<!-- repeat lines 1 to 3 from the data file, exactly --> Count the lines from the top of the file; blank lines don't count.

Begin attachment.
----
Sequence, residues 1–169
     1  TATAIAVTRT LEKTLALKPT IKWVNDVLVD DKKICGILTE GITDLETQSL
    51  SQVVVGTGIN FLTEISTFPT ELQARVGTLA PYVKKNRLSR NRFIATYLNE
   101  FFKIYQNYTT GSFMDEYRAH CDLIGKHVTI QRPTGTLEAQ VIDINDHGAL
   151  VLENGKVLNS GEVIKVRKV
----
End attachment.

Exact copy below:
Sequence, residues 1–169
     1  TATAIAVTRT LEKTLALKPT IKWVNDVLVD DKKICGILTE GITDLETQSL
    51  SQVVVGTGIN FLTEISTFPT ELQARVGTLA PYVKKNRLSR NRFIATYLNE